This week's U.S. election had former baseball analyst Nate Silver and his stunningly-good election predictions at the centre, suggesting that we may be on the verge of a new era of advanced statistics in politics. Silver correctly predicted the outcome inÂ what looks to be a perfect 50 for 50 states on Election Day in 2012 after going 49 for 50 in 2008.
It's not just the analysts using them, either, as Dan Levy makes a solid case that acquiring and using advanced statistical information on how to reach voters in specific areas and demographics was crucial to Barack Obama's re-election. What's remarkable, though, is that while the anti-stats backlash in politics proved reminiscent of the wars from years ago in baseball, Silver and the others using advanced statistical models for politics have already made more progress on one key front than the sports statistics community.
What was really unique here was that Silver shattered the TV ceiling, appearing on The Daily Show and The Colbert Report and having his statistical predictions discussed to some degree on just about all channels' election coverage. While advanced statistics people in sports have made huge progress over the last decade, gaining substantial presences on the web, in print and even as radio guests, it's still extremely rare to see them (or even their stats!) featured on sports television coverage. Instead, we're stuck with the same old "personalities" yelling at each other on First Take and the bizarrely uniform lineups of ex-players and ex-coaches on pre-game and studio shows. It's a world where few *new* voices are heard andÂ featuring as mainstream an internet writer as Bill Simmons is progress.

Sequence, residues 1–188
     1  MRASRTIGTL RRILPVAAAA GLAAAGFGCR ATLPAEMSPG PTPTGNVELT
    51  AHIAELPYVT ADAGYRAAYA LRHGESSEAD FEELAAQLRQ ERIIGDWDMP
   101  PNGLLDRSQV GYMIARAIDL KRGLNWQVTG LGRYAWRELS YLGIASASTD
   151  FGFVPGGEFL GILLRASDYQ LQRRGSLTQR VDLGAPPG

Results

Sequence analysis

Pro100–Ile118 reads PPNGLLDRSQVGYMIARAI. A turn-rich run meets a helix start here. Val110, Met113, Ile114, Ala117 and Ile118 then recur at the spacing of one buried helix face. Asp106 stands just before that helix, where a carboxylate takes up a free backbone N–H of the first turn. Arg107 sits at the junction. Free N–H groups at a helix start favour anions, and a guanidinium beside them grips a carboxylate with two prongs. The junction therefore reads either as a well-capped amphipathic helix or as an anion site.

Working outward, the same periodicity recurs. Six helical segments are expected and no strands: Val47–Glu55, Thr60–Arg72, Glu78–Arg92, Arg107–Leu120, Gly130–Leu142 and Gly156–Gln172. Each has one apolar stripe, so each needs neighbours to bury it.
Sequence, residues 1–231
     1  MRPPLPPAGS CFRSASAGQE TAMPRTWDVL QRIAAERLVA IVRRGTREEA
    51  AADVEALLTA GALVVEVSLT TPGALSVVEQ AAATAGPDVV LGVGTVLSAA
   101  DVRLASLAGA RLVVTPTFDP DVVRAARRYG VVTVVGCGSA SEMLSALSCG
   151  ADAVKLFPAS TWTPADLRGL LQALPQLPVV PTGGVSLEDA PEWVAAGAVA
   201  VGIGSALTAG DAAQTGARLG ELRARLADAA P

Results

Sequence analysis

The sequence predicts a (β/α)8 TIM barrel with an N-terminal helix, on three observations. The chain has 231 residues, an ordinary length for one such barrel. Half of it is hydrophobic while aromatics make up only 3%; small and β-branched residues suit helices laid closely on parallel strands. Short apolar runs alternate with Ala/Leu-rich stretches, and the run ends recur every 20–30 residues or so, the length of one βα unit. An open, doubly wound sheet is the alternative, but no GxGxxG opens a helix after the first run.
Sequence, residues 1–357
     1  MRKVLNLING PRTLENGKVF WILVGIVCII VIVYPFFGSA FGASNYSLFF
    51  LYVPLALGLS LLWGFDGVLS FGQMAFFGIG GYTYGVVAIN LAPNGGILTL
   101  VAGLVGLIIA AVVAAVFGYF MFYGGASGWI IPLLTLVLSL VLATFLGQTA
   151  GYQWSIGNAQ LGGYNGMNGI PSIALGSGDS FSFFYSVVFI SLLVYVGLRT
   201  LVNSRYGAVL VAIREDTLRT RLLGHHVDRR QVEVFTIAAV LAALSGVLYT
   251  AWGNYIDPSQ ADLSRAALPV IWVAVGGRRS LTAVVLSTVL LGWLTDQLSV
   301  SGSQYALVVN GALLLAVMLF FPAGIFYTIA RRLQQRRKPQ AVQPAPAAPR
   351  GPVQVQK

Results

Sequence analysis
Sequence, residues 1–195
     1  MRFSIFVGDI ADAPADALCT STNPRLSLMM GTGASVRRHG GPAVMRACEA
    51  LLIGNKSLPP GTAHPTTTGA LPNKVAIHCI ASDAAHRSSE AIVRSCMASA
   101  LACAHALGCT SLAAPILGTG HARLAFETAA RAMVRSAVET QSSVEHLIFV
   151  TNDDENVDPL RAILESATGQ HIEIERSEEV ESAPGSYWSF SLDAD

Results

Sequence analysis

Furthermore, a statistical model that predicts outcomes to perfection or near perfection takes away from the "embrace debate" mentality that has gripped sports. It's much less dramatic to have one person tell you what's going to happen based on numbers and theories than it is for two people to argue and debate a certain topic. That's the drama of the horserace and the state of punditry today, manufactured or not. SilverÂ famously quipped to Stephen Colbert, "âIâm not very pro-pundit, I have to say. âIf pundits were on the ballot against, like, I donât know, Ebola, I might vote Ebola, or third party.â
Politics followed sports in the rise of advanced statistics, but will sports follow politics in giving television prominence to analysts and their statistics?
If you go by ESPN's moves over the last few years, the answer is "No."